In a recent Marketplace interview, Hannah Appel, associate faculty director of the UCLA Luskin Institute on Inequality and Democracy, said that “canceling student debt is the quickest way to narrow the racial wealth gap.” The Department of Education announced a plan to change the federal student loan system to make it easier for lower-income student loan borrowers to have their debt forgiven, prompting discussions about canceling all student loan debt. The vast majority of student loans are “simply uncollectable,” Appel said, adding that the impact of student loan debt falls disproportionately on people of color. She explained that student loan debt is unique because it’s held 95%-plus by the federal government. “We’ve seen the most progress and we’ve been able to build the most power around student debt, because it plainly is a policy failure for which we can hold the government accountable, and they can reverse course,” she said.


Pandemic Perpetuates Economic Inequality, Ong Finds

UCLA Center for Neighborhood Knowledge Director Paul Ong spoke to USA Today about the impact of the pandemic on economic mobility and prosperity, particularly within communities of color. According to data from the Census Bureau, economic prospects improved for Americans across racial and ethnic demographics in the second half of the 2010s, but the pandemic halted much of that progress. Economic gains were not spread equally among income classes, and significant financial gaps still exist. “I think overall the economy became much more unequal in terms of, after you account for the business cycle, the distribution of earnings,” Ong said. “So, you have that counterforce working and quite often that increase in inequality takes on a racial dimension.” He also pointed out that the unemployment rate increased for all demographic groups during the pandemic, but the steepest increase in joblessness was experienced by Black and Hispanic workers.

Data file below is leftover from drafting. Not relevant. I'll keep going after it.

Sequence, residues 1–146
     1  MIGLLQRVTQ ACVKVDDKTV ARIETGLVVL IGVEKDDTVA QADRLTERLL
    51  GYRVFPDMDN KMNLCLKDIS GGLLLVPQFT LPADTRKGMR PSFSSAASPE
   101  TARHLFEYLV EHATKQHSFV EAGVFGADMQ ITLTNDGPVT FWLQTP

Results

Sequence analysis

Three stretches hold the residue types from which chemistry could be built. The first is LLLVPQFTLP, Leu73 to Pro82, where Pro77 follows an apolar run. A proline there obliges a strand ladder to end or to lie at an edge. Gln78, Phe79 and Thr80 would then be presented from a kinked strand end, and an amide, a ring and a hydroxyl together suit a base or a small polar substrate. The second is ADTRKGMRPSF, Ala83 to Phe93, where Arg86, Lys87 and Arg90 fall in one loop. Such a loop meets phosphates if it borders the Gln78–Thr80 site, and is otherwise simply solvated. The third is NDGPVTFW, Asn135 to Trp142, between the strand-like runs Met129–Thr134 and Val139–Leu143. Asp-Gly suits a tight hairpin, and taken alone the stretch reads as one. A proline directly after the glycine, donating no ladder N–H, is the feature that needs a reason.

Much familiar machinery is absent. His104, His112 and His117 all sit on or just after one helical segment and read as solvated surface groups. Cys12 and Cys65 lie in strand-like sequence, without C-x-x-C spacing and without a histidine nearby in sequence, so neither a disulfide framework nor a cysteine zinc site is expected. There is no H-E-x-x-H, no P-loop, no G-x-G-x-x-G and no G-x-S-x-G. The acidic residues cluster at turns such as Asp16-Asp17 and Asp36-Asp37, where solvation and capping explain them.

Ong on Nuances of U.S. Census Count

Paul Ong, director of the Center for Neighborhood Knowledge at UCLA Luskin, spoke to the Associated Press about the U.S. Census Bureau’s report that the nation’s Asian population was overcounted by 2.6% in 2020. Overcounts occur when people are counted twice, such as college students being counted on campus and at their parents’ homes. Another explanation is that biracial and multiracial residents may have identified as Asian in larger numbers than in the past. Some multiracial people who previously indicated on the census form that they were white, Black or another race may have selected Asian in 2020 amid a rise in anti-Asian attacks during the COVID-19 pandemic, Ong said. “When that happens, people who are multiracial go in two directions: They reject their minority identity or they embrace it,” he said. “With the rise of anti-Asian hostility, it forced some multiracial Asians to select a single identity.”

Report Highlights COVID’s Impact on Higher Education Goals